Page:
Everywhere in the United States—including the 50 states, Washington, D.C., territories, and tribal nations—parents have a legal duty to support their children financially. The duty exists whether the parents are married, never married, separated, or divorced. If a non-custodial parent fails to pay court-ordered child support, the custodial parent can rest assured that federal and state laws mandate tough enforcement procedures. Those who are delinquent and owe back child support are sometimes called “deadbeat parents.”
Often the term deadbeat parent is used in the title of state laws about delinquent child support.”Deadbeat parent” isn’t a legal term. Those who are delinquent with their child support payments are said to be “in arrears.” And child support that is owed is called “arrearages.” When it comes to collecting child support payments, there are a number of procedures that can be used. The primary objective of the child support program is to make sure that child support payments are made regularly and in the correct amount. This article will provide an overview of some of the most common collection procedures from noncustodial parents.
Income Withholding: One of the primary tools or methods for collecting child support payments is income withholding. Income withholding is when child support is automatically deducted from the noncustodial parent’s paycheck and sent directly to the state child support agency, which then disburses the payments to the custodial parent.
Liens and Levies: If the noncustodial parent owes past-due child support, the state may place a lien on their property or other assets to collect the debt.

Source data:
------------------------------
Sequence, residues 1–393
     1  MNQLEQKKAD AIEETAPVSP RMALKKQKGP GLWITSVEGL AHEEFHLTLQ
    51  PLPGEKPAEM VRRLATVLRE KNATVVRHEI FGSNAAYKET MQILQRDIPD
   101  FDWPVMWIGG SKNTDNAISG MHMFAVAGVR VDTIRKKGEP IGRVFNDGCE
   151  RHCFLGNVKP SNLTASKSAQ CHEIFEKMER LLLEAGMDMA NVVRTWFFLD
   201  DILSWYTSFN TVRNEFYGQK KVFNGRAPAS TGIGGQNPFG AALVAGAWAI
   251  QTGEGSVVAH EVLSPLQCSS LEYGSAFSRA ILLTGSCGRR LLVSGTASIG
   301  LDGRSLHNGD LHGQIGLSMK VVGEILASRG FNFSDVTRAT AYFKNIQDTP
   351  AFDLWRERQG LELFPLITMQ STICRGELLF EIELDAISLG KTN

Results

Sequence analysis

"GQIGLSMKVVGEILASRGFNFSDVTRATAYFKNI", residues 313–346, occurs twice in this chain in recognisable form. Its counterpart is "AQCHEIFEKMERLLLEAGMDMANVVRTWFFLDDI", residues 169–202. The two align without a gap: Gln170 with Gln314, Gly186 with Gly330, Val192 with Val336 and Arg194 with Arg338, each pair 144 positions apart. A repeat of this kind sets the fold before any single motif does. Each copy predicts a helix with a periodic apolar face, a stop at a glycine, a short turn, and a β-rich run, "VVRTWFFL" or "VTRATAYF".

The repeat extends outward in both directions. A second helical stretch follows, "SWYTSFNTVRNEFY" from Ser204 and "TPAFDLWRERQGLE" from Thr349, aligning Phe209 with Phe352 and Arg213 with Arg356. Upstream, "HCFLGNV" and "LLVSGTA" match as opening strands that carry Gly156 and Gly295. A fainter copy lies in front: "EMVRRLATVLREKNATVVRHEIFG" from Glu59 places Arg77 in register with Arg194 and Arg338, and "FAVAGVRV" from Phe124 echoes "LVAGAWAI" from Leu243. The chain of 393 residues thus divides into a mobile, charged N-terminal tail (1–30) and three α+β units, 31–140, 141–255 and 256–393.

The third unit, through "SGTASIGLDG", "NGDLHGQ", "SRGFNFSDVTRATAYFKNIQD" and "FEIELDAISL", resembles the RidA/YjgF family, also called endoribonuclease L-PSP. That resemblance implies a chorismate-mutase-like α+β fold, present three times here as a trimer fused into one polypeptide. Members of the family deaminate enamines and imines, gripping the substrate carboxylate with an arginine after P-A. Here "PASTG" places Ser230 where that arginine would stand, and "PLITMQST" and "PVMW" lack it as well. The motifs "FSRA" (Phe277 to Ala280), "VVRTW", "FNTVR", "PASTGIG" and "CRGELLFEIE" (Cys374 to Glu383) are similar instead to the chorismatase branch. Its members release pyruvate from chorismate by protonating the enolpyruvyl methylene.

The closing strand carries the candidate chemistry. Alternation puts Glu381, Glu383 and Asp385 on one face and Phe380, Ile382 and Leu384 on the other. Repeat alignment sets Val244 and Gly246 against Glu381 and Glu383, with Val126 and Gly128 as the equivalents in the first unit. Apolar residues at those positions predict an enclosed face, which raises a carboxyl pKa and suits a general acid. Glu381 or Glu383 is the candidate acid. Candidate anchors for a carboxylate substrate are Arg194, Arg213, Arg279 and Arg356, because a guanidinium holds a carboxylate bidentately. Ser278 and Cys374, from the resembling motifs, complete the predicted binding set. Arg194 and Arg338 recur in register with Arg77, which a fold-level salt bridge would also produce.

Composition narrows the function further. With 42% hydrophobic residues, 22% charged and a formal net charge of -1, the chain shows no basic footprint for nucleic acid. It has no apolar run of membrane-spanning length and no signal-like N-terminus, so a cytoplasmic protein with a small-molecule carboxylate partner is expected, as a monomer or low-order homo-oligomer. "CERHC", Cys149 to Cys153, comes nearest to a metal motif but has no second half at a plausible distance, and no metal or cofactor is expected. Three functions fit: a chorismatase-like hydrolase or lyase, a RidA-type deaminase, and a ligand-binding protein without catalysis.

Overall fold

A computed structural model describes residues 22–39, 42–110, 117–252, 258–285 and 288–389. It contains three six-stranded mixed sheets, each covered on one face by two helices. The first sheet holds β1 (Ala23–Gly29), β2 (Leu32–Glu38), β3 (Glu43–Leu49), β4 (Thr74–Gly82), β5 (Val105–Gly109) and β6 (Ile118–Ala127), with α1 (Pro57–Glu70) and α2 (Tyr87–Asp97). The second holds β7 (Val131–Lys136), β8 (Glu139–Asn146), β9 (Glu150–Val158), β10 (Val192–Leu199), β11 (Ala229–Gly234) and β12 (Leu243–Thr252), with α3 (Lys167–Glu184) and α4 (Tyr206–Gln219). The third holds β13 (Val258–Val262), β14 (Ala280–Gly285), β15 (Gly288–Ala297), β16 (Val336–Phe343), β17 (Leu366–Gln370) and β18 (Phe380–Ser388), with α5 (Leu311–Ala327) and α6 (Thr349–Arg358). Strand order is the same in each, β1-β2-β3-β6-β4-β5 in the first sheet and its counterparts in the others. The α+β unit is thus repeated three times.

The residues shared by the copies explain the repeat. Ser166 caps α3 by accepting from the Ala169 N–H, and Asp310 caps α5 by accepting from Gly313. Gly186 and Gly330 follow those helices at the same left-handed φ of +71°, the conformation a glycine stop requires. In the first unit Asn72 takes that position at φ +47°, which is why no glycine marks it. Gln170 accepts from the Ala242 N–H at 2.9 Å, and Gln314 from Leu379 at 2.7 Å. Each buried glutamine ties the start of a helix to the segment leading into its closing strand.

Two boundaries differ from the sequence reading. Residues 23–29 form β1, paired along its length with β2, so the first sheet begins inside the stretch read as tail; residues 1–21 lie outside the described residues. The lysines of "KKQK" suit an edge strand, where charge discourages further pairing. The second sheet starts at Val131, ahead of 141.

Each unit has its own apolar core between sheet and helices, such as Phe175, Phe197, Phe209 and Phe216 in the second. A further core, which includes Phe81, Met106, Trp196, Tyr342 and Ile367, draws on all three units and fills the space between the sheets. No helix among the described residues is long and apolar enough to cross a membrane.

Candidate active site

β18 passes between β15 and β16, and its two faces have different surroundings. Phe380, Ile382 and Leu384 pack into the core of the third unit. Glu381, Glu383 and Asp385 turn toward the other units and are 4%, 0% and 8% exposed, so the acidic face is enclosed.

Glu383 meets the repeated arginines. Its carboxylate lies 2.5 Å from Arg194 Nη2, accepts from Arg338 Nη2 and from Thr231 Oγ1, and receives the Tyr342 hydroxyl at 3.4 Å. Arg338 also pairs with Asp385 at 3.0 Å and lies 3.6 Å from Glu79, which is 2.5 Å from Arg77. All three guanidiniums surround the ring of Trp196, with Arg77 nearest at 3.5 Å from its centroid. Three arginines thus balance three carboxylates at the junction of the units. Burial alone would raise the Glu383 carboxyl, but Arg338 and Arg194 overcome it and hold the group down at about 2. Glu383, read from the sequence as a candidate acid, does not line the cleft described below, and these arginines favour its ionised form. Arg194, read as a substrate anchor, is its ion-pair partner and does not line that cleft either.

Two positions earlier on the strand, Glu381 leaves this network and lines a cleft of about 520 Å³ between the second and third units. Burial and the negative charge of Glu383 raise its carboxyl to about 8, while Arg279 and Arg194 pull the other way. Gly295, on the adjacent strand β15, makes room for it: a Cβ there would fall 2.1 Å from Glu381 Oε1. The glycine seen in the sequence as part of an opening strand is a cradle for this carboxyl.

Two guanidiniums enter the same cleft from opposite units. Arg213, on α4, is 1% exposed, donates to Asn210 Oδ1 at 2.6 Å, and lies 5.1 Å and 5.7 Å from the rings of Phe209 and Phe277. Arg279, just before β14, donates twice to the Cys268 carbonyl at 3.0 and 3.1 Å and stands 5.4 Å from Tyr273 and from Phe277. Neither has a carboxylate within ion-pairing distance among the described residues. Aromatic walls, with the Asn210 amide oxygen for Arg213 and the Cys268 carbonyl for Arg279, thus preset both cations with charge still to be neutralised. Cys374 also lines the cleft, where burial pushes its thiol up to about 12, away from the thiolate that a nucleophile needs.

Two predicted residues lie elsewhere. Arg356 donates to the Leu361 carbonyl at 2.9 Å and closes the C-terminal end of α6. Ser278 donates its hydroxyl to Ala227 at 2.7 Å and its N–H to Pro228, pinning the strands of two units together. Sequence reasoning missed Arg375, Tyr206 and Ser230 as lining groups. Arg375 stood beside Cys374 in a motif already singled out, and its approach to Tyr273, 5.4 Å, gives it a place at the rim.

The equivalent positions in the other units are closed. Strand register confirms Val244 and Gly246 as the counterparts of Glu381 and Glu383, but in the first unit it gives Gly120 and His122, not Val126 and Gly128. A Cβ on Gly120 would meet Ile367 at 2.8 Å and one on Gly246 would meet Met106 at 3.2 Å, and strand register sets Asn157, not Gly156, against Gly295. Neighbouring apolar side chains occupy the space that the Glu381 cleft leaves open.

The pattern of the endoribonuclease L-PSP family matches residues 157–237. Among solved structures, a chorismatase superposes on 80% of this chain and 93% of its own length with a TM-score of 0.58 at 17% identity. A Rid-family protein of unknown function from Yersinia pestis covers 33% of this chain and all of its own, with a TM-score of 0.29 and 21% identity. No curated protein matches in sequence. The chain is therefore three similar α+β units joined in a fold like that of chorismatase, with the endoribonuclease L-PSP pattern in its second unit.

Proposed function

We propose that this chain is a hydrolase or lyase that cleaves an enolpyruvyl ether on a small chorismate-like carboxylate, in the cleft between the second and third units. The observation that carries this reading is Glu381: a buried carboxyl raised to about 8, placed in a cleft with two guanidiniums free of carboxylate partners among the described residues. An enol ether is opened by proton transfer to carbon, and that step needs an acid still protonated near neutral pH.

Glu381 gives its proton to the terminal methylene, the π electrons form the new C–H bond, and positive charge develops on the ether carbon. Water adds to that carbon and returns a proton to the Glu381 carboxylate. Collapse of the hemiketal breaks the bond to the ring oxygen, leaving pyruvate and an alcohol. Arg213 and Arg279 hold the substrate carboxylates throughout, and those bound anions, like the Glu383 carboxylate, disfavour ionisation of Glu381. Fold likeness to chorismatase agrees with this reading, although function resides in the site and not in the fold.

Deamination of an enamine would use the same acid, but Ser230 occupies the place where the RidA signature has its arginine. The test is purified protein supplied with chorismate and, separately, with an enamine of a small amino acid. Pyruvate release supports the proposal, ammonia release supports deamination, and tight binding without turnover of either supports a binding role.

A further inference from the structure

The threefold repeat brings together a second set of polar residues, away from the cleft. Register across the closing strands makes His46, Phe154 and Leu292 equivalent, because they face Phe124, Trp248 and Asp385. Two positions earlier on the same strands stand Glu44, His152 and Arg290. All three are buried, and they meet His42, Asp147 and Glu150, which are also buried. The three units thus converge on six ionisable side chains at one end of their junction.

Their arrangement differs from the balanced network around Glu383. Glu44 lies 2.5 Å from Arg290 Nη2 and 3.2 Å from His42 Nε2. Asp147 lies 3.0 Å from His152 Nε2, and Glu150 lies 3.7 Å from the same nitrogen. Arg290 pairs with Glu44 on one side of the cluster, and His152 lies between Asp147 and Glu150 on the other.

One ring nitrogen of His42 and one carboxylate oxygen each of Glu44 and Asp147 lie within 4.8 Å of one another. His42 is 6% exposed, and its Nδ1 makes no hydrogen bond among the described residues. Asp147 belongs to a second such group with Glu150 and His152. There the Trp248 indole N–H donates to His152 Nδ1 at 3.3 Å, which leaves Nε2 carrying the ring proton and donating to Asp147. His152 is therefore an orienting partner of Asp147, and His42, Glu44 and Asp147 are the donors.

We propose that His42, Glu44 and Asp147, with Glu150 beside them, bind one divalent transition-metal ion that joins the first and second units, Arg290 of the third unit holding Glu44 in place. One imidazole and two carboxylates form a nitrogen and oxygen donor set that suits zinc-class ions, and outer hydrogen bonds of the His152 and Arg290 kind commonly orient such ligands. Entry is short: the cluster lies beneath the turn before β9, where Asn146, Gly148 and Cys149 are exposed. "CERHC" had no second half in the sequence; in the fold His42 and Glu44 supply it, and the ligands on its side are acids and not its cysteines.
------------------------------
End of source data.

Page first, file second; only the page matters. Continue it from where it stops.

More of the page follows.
License Suspension: The state may also suspend the noncustodial parent’s driver’s license, professional license, or any other license that they hold until they catch up on their child support payments.
Contempt of Court: Courts can hold a person in contempt of court for disobeying its legal orders and directives. The power to hold someone in contempt of court arises for the purpose of securing respect for the court’s legal authority and enforcing its orders.In the context of child support orders, state laws grant courts the power to hold a party in contempt of court for not paying child support. A child support order is typically issued by the court. Thus, if someone who owes child support refuses or otherwise fails to make payments, it can be viewed as a violation of a court order. As a result, the court has the power to hold the non-paying spouse in contempt in order to vindicate its legal authority.
The Office of the Attorney General in many states provides handbooks specifically designed for noncustodial parents which provide information about paternity establishment and child support services. These handbooks explain in detail what rights and responsibilities both parties have when it comes to collecting child support payments. In addition, many states also have glossaries which define key terms related to child support such as “prorating” which refers to dividing money from one noncustodial parent among more than one recipient.
If a custodial parent is not receiving timely payments from their noncustodial parent, there are several options available for enforcing payment including filing motions with the court or requesting assistance from local Child Support Services offices. It’s important for both parties involved in a child support case to remember that while these enforcement options may be available, they should always attempt to work out any issues between themselves before involving third parties such as courts or government agencies. Consulting a divorce lawyer in Decatur, Alabama is always a good idea before making decisions about child support.
In conclusion, there are a variety of collection procedures available for ensuring that noncustodial parents make regular and timely payments towards their children’s needs as required by law. It’s important for both custodial and noncustodial parents alike to understand their rights and responsibilities under the law so that any disputes can be resolved without involving third parties such as courts or government agencies whenever possible.